MIA

Some Tennessee students lost their TNReady test answers despite state’s reassurance they wouldn’t

PHOTO: Nicholas Garcia/Chalkbeat

The frequent technical interruptions that marred online testing in Tennessee this year were bad enough for Cathy Palmer, a teacher at Central High School in Memphis. But students losing their test answers — despite the state’s assurance they wouldn’t — was just too much.

She recalled a case of a student who logged in to the second part of her history test April 17 and discovered the first part she completed the previous day was marked as incomplete.

“We were told that if this happened, we should make sure the student was using the same computer, sign in to that particular part, and submit the test. When we did this for her, her entire essay was gone,” Palmer said.

In most cases where tests didn’t submit properly, students were able to log back in later and submit their tests, according to the state. It was inconvenient, but the answers were stored just as the state’s test maker, Questar, said they would be.

But in an unknown number of cases statewide, students lost test answers. Chalkbeat interviewed teachers and administrators from three school districts who said students lost work. Sara Gast, a spokeswoman for the Tennessee Department of Education, said the test recovery process worked “in the vast majority of cases” but, when asked, did not provide the number of instances where it did not.

“In some cases, Questar’s team needs additional time to recover these tests, and they are still working through those,” she said last week.

The complication raises further questions about how well this year’s online state test, known as TNReady, will show what students know. All high school students were required to take the online version this year, and 59 districts opted to offer it to middle school students. The rest of Tennessee’s third- through-eighth-graders are taking TNReady on paper.

The state’s online system experienced widespread interruptions on at least four days since testing began April 16. There were log-in issues on the first day, a reported cyberattack on the second, and a problem with lists of students taking the test later in the week after the state’s testing company, Questar, updated its software the night before. An issue with a feature that reads test questions aloud for students with disabilities also caused problems for students trying to login and submit their tests.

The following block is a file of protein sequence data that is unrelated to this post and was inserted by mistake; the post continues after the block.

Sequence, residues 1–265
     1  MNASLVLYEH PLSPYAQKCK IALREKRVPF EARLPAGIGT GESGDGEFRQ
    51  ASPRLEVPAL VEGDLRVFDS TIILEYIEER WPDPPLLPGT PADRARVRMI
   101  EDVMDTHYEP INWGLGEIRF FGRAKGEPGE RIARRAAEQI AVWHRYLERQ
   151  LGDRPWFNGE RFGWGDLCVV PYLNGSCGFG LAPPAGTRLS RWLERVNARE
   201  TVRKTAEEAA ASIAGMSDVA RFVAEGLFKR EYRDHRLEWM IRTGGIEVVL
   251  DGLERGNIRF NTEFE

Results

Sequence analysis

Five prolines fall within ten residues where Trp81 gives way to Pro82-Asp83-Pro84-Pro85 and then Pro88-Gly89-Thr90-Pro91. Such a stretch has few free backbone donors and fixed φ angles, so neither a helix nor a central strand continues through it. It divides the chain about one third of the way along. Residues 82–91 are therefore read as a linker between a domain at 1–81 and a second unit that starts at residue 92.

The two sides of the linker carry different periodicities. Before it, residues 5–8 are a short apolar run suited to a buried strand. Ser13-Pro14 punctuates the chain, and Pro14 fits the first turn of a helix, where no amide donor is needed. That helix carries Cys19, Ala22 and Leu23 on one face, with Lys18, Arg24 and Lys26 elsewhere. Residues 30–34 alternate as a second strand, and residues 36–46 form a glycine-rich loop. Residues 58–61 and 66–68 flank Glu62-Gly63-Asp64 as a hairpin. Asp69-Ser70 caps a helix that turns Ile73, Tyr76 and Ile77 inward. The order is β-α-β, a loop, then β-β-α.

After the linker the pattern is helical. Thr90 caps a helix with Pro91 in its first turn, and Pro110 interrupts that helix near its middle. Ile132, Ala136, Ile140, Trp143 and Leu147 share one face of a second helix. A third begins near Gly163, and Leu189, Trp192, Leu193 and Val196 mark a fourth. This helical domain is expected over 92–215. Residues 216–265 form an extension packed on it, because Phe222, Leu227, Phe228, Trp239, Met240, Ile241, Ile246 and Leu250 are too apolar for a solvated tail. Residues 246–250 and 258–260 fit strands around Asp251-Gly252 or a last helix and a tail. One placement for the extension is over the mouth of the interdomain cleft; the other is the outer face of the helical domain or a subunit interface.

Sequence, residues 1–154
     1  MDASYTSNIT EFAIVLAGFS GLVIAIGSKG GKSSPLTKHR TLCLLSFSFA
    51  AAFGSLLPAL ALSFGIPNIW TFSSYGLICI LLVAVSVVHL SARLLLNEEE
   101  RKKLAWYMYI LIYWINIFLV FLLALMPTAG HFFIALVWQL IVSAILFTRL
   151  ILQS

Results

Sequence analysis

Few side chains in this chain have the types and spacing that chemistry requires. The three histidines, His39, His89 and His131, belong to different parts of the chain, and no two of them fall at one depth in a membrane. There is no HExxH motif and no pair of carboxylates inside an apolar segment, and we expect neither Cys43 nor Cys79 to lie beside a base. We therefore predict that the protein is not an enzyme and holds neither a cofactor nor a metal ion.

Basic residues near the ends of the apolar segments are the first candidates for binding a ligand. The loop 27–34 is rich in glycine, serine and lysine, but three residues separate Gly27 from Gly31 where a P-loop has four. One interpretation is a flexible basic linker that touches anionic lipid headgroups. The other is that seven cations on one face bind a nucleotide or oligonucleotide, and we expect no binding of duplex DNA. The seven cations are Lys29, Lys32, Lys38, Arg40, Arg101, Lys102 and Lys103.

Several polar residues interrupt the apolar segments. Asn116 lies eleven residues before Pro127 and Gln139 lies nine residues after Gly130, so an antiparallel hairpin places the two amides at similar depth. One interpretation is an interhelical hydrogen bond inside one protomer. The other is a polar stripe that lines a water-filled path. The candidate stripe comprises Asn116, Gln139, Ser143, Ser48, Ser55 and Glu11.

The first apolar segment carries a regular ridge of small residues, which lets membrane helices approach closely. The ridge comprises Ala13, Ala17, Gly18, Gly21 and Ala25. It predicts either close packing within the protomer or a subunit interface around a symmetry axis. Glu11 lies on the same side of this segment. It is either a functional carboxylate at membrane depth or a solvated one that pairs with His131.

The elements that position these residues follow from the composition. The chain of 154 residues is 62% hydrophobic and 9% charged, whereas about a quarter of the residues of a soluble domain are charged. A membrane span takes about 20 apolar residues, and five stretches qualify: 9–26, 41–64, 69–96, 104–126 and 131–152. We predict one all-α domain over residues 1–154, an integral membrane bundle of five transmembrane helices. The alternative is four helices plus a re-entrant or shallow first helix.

Tennessee’s largest district, Shelby County Schools, said this has happened “several days” during the testing window, but did not provide specific numbers either.

“We do not have an exact count. In some cases, we are still waiting to see if the recovery process works,” the district said in a statement.

“The recovery process can take a few days, and therefore answers can still appear to be missing even though they are being recovered,” the district said in another statement. “If the recovery process fails for a student, we have been advised to consult with the Tennessee Department of Education on the best way to proceed.”

In Haywood County, two students lost their test answers and their parents decided not to retest them, a decision the superintendent, Joey Hassell, supported.

Students losing their test answers has been an issue throughout the testing window, said Rachel Phillips, a teacher in Sumner County. It happened to three of her students. She said Questar’s helpline has not been able to explain why it happens.

“They say, ‘I don’t know’ a lot of the time. When we push them and say that is unacceptable, they complete a ‘ticket’ and say they will send directions for how to recover the test. Then you follow the directions for recovered individual student’s tests. Or attempt to,” Phillips said. “The students get very frustrated and nervous that all the work they just did on the test is gone.”

Rick Eaton, the testing coordinator for Sumner County, said the district is still compiling the total number of students affected, but that all middle and high schools were impacted “to some extent.”

“Each of those content areas have 3 to 4 subparts to them. If you experience something in one subpart and an irregularity report for a subpart, the entire content area is invalidated,” he said.

Gast, the state spokeswoman, said local school districts have discretion on whether or not the student should retake the test in those instances. Districts can also submit a report for the online issues “if they believe those disruptions impacted students’ ability to show their knowledge of the standards,” which would invalidate the students’ test results.

Palmer said the student who lost her essay was told to retake that part of the test.